• Abstract: PRESIDENT BARACK Obama has identified cybersecurity threats as among the most serious challenges facing our nation. Secretary of Defense Chuck Hagel noted in April that cyberattacks "have grown into a defining security challenge." And former secretary of defense Leon Panetta told an audience in 2012 that distributed denial-of-service attacks have already hit U.S. financial institutions. Describing this as "a pre-9/11 moment," he explained that "the threat we face is already here." The president and two defense secretaries have thus acknowledged publicly that we as a society are extraordinarily vulnerable. We rely on highly interdependent networks that are insecure, sensitive to interruption and lacking in resiliency. Our nation's government, military, scientific, commercial and entertainment sectors all operate on the same networks as our adversaries. America is continually under siege in cyberspace, and the volume, complexity and potential impact of these assaults are steadily increasing.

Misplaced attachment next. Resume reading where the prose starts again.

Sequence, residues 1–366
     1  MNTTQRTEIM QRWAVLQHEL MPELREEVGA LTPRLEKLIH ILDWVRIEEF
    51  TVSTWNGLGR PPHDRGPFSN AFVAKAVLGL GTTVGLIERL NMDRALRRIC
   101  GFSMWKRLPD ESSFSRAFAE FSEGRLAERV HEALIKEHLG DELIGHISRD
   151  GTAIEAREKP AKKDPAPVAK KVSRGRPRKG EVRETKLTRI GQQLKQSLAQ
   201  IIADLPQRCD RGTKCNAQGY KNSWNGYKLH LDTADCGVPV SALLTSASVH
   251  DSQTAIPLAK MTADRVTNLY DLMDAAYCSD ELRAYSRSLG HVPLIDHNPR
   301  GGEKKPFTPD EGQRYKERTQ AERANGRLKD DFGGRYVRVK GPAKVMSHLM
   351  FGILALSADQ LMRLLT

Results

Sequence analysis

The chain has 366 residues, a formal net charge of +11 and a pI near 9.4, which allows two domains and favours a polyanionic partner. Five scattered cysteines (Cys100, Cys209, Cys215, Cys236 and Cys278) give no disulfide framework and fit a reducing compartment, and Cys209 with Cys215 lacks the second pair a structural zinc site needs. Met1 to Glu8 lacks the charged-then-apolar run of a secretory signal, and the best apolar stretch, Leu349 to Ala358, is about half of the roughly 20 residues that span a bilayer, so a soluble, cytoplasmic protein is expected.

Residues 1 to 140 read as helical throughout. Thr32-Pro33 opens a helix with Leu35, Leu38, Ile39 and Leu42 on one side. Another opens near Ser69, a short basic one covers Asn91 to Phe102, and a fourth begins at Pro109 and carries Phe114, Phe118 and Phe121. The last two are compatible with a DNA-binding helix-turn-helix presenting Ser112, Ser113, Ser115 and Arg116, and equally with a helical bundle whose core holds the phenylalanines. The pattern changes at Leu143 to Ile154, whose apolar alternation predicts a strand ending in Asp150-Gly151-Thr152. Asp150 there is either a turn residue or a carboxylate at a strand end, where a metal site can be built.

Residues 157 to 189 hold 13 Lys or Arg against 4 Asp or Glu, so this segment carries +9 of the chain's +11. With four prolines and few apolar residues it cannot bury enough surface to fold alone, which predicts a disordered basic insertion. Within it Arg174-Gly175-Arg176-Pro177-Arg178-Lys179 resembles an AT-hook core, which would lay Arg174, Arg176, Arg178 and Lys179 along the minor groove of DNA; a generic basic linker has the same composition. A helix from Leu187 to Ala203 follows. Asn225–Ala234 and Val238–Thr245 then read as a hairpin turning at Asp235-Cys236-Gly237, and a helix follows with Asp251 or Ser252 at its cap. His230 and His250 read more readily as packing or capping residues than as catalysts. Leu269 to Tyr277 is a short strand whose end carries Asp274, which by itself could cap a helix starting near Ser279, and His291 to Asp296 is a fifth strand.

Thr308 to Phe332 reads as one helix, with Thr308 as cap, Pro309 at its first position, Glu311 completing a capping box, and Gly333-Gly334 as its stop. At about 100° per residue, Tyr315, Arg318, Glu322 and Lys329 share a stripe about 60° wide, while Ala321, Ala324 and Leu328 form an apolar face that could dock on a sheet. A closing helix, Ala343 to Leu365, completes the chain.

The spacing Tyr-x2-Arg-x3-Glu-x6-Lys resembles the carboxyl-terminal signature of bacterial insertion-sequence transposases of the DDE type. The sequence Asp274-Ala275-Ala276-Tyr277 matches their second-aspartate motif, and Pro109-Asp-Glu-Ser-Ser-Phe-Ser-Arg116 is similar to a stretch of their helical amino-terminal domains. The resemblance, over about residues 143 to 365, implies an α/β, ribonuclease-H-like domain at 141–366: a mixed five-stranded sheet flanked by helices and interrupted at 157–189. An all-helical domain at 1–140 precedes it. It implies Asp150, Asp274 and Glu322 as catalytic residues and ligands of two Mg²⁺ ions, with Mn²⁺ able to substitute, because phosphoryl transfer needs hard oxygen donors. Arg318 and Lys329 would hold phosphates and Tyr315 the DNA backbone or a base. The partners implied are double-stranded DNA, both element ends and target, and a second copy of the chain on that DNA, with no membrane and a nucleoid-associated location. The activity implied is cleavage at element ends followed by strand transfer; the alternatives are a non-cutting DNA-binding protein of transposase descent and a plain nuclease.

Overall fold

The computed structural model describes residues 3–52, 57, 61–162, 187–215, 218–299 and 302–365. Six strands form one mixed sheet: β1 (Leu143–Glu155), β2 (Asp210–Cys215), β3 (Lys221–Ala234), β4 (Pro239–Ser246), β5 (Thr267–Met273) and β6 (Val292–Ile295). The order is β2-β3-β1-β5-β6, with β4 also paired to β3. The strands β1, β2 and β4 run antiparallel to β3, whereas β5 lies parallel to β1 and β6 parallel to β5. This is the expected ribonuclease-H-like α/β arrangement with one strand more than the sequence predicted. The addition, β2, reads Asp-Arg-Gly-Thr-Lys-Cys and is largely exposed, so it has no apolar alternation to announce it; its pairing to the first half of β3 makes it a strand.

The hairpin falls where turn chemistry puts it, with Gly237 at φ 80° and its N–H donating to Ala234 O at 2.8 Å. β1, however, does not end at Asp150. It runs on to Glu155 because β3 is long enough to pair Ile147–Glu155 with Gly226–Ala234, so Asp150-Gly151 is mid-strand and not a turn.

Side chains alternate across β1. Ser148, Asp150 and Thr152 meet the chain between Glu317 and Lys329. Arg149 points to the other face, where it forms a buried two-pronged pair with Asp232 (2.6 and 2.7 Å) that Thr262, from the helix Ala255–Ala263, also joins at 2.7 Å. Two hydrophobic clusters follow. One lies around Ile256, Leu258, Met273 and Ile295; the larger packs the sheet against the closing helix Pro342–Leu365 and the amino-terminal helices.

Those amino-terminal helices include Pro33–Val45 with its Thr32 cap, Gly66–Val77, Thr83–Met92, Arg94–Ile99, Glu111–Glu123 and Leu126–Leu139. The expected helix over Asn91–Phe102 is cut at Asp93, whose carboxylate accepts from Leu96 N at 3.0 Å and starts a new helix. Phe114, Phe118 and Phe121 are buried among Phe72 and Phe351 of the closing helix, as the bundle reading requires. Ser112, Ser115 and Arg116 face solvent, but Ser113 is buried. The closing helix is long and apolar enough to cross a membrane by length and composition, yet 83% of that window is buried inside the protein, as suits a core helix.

• Topic: Security, Development, Government
  • Political Geography: United States, America
  • Author: Christopher Whalen
  • Publication Date: 11-2013
  • Content Type: Journal Article
  • Journal: The National Interest
  • Institution: The Nixon Center
  • Abstract: PRESIDENT OBAMA and Congress continue to wrestle with competing ideas to fix America's housing crisis, ranging from abolishing Fannie Mae and Freddie Mac to introducing new regulations for repairing the rickety mortgage-financing system years after it crashed. To understand the enduring nature of today's housing-system mess, it is not really necessary to do much more than to look backward. To look, that is, at the careers of two former prominent politicians, each of whom has played an integral role in American finance in recent decades.